“Sgt. (Chris) Thomason called yesterday wanting to know if they could hold an active shooter drill here at the school and I said, ‘Absolutely.’ We want to do anything we can to support local law enforcement. I confirmed with Dr. (Susan) Patterson of course and it was OK with her and she also wants to support the Cullman Police Department. But the bigger picture is, it allows law enforcement to have a better understanding of the layout of our building,” Wiggins said. “Unfortunately, it’s a new world and we have to prepare for such incidents and while we don’t like that we have to, we’re going to do what we have to do for our kids. My children go here. So, it’s going to be safe enough for everyone’s child and we want to make sure we’re doing everything we can and we’ll get some good feedback from them on some of our school procedures and policies regarding safety and we’ll get to watch on our cameras how they go through and clear a building. It’ll give them familiarity with our nooks and crannies and each doorway and hallway so we’re going to tour the buildings when they’re done.”

CPD has also been doing work with student resource officers at local schools this summer and Wiggins was able to let law enforcement review the school’s emergency procedures.

“This is the second day straight that we’ve had the pleasure of having Cullman Police Department here with our staff. Yesterday we had (Capt.) Becky Boyd, who is over the Student Resource Office (SRO) Program, along with Lt. Harbison, and they talked to us about our safety drills, what kind we had and frequency. We gave them a copy of our schedule and they’re going to be invited to come witness our safety drills. We talked about our lockdown procedures in the event of an intruder on campus and talked about how SROs can further support the schools. It was a wonderful meeting and I’m just excited that for two days straight we’ve had the opportunity to have these people on campus.”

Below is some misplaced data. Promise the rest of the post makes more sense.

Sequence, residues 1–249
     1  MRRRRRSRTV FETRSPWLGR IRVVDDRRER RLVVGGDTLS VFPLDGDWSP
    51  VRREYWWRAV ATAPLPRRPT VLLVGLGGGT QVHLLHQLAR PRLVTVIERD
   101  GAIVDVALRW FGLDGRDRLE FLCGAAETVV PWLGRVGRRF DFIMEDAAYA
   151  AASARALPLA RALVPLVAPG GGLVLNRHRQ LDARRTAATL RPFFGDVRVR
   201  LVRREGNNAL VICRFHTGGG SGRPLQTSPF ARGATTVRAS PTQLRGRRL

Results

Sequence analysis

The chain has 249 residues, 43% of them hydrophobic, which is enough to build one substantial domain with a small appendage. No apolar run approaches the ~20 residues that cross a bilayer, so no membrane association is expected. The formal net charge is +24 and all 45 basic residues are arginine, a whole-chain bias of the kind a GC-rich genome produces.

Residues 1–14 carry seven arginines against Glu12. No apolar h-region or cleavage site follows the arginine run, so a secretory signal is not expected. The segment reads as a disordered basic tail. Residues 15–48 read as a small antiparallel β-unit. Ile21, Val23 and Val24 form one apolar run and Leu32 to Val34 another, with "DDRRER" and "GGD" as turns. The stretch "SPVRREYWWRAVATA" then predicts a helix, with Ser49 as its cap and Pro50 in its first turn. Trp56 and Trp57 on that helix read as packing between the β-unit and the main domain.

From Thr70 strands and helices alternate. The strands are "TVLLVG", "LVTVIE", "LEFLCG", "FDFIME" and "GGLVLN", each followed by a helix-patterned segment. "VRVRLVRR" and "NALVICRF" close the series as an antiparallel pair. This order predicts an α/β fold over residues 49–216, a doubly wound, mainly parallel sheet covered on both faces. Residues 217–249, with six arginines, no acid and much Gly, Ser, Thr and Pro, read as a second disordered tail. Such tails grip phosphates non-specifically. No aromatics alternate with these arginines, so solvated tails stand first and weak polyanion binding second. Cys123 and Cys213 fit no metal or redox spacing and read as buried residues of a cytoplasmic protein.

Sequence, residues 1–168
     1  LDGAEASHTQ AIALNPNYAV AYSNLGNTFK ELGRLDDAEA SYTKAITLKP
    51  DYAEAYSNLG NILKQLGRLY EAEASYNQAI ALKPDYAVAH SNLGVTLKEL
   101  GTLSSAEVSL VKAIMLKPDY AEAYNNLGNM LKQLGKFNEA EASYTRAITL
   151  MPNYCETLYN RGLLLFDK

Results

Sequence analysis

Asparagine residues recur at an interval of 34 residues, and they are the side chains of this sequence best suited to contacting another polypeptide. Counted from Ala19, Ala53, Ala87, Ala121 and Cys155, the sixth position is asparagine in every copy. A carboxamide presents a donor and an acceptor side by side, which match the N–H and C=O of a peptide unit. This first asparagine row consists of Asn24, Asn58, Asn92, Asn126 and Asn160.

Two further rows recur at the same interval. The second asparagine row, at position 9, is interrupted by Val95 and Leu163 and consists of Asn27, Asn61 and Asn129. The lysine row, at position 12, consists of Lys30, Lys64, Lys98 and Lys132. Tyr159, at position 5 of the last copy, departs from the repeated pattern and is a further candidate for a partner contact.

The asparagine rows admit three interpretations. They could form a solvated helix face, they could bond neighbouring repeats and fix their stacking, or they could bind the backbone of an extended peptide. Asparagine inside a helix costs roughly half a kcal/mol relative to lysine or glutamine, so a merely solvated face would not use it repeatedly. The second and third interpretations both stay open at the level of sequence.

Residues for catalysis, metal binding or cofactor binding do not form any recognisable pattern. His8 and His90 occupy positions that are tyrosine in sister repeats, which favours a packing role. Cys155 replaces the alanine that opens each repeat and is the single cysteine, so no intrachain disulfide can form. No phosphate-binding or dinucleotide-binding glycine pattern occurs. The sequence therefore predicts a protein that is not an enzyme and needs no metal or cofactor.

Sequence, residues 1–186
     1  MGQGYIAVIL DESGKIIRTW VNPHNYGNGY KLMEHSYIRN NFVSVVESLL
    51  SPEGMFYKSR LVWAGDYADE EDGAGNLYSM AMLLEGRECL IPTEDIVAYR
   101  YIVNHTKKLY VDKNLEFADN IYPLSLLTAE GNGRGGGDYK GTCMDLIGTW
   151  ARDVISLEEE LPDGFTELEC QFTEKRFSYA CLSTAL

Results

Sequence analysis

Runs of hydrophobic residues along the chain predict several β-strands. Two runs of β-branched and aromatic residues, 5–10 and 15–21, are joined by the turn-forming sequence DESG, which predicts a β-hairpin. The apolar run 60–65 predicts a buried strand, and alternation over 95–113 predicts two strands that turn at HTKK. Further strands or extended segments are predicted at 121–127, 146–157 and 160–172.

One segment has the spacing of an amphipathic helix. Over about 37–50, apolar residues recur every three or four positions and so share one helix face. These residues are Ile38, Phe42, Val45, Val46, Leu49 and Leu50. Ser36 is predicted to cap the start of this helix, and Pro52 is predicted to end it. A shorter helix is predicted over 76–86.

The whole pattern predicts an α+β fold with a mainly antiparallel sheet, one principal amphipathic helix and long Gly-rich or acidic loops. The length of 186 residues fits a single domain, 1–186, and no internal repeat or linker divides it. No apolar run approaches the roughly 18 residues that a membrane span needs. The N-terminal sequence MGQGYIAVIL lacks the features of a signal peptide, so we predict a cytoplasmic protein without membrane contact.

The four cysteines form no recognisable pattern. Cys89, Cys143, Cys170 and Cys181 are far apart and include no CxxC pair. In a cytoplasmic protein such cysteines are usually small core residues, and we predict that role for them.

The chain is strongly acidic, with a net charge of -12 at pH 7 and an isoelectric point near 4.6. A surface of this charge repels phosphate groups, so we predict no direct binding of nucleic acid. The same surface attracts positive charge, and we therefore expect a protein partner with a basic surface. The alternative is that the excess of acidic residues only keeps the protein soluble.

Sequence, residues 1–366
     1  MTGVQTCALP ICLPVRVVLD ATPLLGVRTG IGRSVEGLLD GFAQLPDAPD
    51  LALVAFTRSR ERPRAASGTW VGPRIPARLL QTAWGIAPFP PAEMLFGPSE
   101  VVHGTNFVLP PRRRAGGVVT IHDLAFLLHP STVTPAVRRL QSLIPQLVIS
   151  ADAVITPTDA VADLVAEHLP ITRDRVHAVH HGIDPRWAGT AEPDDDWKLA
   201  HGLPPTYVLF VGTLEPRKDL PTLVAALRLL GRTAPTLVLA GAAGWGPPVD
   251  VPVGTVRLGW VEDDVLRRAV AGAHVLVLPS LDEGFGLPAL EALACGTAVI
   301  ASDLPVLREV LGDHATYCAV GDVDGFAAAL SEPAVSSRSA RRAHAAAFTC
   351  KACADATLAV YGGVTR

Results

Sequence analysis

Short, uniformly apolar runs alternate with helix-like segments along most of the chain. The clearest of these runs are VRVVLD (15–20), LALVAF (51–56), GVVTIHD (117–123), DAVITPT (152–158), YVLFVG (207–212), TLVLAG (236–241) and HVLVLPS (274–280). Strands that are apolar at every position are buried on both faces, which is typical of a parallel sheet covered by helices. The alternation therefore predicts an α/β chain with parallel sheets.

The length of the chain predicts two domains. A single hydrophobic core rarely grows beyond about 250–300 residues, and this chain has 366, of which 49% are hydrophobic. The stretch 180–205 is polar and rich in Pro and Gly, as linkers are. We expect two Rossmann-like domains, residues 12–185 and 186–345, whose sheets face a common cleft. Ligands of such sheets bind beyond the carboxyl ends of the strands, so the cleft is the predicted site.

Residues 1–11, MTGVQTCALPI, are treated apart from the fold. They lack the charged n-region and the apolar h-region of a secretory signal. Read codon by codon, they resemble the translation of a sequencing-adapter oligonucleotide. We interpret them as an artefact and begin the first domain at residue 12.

Wiggins continued, saying that maintaining a great relationship between schools and law enforcement is paramount.

“Chief (Kenny) Culpepper has been so involved in our school safety plan. He came by last summer and gave us some new resources to be used in case of an emergency and he’s always quick to offer advice. We’ve even had the police and fire departments opening car doors for students, that’s how involved they are,” Wiggins smiled. “It creates a great sense of community and our SRO, Officer (Rick) Thiot, in particular throws Frisbee with the kids, he has lunches with certain kids, just to form those relationships because SRO’s absolutely matter in schools. So, that relationship is critical to us. As administrators Mr. (Nic) Gragg and I both go annually to the Save Schools Conference through TAASRO, The Alabama Association of School Resource Officers, just to hone our skills and better secure our facilities.”

With just a couple more weeks until students return to class, Wiggins is thrilled to have local law enforcement on campus helping prepare for the safest year possible.

“I love how supportive our superintendent is of having this kind of drill here,” Wiggins said. “I know they’ve done it at the high school in the past and I’m just delighted that little East Elementary gets to be a part of this because again, it’s good training for their people but it’s outstanding to have them on our site so they will know where things are unfortunately in case of an emergency. We’re just happy to have them here.”